“It’s five times the tensile strength of steel,” according to John Hardy, the sarong-clad Canadian jeweller turned bamboo evangelist, who would extol the virtues of this tropical grass to anyone like me who joined him on early morning walks from his sprawling compound along the Sayan Ridge in central Bali. Eight years ago, I lived alongside Hardy and his American wife Cynthia just as they were transitioning from five-star silversmiths to sustainable chic tree-huggers with the opening of their Green School, a fully accredited nursery-to-high-school facility built almost entirely of bamboo and mud in Bali’s fertile highlands.
Fascinated by the potential of this indigenous grass – the fastest growing natural building material on earth – I watched students take notes on recycled paper at their bamboo desks then look up at chalkboards similarly fashioned from these stalks. Even back then, Hardy envisioned a market far beyond these Balinese classrooms for an upscale version of these schoolroom necessities – although the first time I sat down at one of the bamboo desks I rose with multiple splinters as my souvenir.
Fast forward to 2016 and back in Bali’s verdant hinterland, local artisans are carefully bending this ultra-sustainable resource into fantastically undulating sculptures, sans splinters, under the design direction of Hardy’s equally talented daughter Elora. The former designer at Donna Karan returned home to Bali in 2010 to realise what she calls her father’s “big dreams made out of overgrown grass”. This summer, Elora launched the Ibuku furniture collection, an online catalogue of these natural, artful furnishings that already populate the monumental custom bamboo houses (second picture) of Green Village, this talented family’s other bamboo-building venture.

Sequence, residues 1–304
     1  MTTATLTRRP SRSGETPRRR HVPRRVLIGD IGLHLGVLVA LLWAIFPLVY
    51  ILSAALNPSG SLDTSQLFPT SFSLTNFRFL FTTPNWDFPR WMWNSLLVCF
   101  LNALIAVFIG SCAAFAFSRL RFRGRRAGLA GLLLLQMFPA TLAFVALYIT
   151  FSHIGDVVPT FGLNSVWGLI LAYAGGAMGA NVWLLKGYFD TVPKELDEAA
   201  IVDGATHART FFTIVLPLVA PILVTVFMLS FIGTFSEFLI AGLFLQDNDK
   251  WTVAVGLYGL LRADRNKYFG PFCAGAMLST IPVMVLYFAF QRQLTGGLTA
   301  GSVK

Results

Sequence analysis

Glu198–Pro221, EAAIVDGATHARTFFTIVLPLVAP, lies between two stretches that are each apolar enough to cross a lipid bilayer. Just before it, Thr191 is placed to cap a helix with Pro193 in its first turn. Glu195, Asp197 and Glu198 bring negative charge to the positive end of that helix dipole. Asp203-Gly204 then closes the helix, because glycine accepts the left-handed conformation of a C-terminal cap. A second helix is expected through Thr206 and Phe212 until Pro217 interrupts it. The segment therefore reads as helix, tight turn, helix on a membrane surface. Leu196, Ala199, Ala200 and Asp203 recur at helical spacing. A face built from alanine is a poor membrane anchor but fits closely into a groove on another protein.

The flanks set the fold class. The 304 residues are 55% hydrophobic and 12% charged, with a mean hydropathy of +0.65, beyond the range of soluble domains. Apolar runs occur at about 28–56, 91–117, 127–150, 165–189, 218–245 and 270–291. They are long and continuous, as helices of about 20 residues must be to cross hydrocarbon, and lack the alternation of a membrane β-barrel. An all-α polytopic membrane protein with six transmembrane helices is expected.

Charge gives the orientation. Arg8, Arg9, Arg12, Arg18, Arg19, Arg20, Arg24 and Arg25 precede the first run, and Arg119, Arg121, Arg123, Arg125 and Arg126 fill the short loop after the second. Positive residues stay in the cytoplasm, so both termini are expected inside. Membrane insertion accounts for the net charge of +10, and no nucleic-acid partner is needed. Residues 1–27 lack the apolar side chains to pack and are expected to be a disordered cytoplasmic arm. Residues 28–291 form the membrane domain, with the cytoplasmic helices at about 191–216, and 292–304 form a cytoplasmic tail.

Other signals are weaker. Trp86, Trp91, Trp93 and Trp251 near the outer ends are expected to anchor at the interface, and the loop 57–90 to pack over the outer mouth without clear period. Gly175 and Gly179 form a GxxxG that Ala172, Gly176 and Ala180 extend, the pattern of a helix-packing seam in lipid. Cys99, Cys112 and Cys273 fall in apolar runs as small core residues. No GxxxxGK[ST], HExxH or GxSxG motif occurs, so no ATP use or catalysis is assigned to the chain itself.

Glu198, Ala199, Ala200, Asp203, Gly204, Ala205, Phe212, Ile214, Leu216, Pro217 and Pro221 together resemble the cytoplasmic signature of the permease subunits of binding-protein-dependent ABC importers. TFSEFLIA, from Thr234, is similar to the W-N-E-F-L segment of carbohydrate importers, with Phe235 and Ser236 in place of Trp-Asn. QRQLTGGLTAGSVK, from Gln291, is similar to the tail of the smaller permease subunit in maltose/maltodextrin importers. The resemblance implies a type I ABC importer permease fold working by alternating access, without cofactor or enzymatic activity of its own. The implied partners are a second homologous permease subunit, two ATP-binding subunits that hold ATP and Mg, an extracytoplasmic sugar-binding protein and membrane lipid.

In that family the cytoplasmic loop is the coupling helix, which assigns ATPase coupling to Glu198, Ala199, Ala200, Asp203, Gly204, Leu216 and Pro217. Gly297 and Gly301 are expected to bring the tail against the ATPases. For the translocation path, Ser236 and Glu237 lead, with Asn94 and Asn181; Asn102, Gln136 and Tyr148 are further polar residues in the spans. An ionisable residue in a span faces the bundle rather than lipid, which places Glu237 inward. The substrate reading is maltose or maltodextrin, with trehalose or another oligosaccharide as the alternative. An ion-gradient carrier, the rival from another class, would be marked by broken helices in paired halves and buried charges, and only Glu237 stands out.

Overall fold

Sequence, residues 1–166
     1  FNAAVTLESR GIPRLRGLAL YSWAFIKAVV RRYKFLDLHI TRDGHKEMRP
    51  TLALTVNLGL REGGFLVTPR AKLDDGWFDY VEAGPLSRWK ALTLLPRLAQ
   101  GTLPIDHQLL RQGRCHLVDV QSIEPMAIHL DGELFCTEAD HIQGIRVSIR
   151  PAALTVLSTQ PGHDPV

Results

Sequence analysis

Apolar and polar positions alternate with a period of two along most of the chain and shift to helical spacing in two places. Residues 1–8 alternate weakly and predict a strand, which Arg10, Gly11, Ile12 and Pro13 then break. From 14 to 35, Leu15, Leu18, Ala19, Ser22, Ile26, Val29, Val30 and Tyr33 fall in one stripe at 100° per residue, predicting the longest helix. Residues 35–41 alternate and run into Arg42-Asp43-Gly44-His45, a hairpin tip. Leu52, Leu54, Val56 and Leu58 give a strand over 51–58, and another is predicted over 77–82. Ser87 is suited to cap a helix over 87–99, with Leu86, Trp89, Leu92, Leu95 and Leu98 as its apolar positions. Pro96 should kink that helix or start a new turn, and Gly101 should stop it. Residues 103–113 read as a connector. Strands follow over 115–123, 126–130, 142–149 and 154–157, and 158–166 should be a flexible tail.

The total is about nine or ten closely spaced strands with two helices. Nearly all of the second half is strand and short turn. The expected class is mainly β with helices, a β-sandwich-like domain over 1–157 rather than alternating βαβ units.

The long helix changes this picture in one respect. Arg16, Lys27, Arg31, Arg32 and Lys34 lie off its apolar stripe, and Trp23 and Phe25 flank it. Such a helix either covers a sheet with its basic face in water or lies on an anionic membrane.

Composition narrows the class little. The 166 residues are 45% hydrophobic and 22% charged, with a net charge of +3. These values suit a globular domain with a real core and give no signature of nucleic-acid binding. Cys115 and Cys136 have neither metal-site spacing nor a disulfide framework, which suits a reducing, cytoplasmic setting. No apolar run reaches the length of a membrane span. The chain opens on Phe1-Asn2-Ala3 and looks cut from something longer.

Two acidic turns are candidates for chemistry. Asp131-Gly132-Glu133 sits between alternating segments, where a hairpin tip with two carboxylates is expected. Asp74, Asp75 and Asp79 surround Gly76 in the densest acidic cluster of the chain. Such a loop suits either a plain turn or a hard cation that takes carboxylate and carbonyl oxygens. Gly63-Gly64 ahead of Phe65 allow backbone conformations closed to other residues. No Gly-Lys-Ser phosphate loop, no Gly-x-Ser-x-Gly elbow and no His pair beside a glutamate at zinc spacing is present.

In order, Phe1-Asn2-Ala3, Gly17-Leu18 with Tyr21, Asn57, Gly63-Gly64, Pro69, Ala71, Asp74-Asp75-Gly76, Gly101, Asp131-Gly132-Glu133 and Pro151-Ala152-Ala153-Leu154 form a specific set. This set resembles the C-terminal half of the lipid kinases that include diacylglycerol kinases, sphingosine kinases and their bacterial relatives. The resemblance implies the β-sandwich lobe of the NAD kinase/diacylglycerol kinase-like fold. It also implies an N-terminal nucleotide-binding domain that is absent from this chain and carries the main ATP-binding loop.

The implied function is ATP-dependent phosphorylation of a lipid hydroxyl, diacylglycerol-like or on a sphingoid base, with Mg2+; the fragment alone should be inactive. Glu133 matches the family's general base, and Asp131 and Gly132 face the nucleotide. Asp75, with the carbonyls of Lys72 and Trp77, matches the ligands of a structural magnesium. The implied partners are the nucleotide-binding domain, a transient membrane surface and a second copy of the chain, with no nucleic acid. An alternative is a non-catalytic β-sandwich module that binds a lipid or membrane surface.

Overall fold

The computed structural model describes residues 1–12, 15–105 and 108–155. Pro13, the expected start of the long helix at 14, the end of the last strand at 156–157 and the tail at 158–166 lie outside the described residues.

Those of us not yet willing to put down at least six figures for one of these stunning, earthquake-resistant structures, with environmentally sensitive plumbing and natural air flows, may now satisfy our desire to live eco-chic anywhere, even if, like me, you do not have a spot for the Sway woven basket-style swing ($1,477, fourth picture). While the Bone dining chair ($513, third picture) with rattan or leather would have been a more practical choice, I opt for Noon, a sensual swoop of a chaise ($881, first picture). Two of these will replace my now gently tattered club chairs that seemed so timeless when I bought them a dozen years back, but now feel dated compared to Ibuku’s entirely of-the-moment take on living well by doing good for the planet too.
All items are made-to-order, and Ibuku primarily produces custom-made schemes for people’s homes, or works with interior designers on residential or commercial projects. This means that orders for individual pieces may not always be possible, and the above prices are relevant to anyone desiring multiple-item orders valued at $15,000. So it might be a case of go big on bamboo, or go bespoke.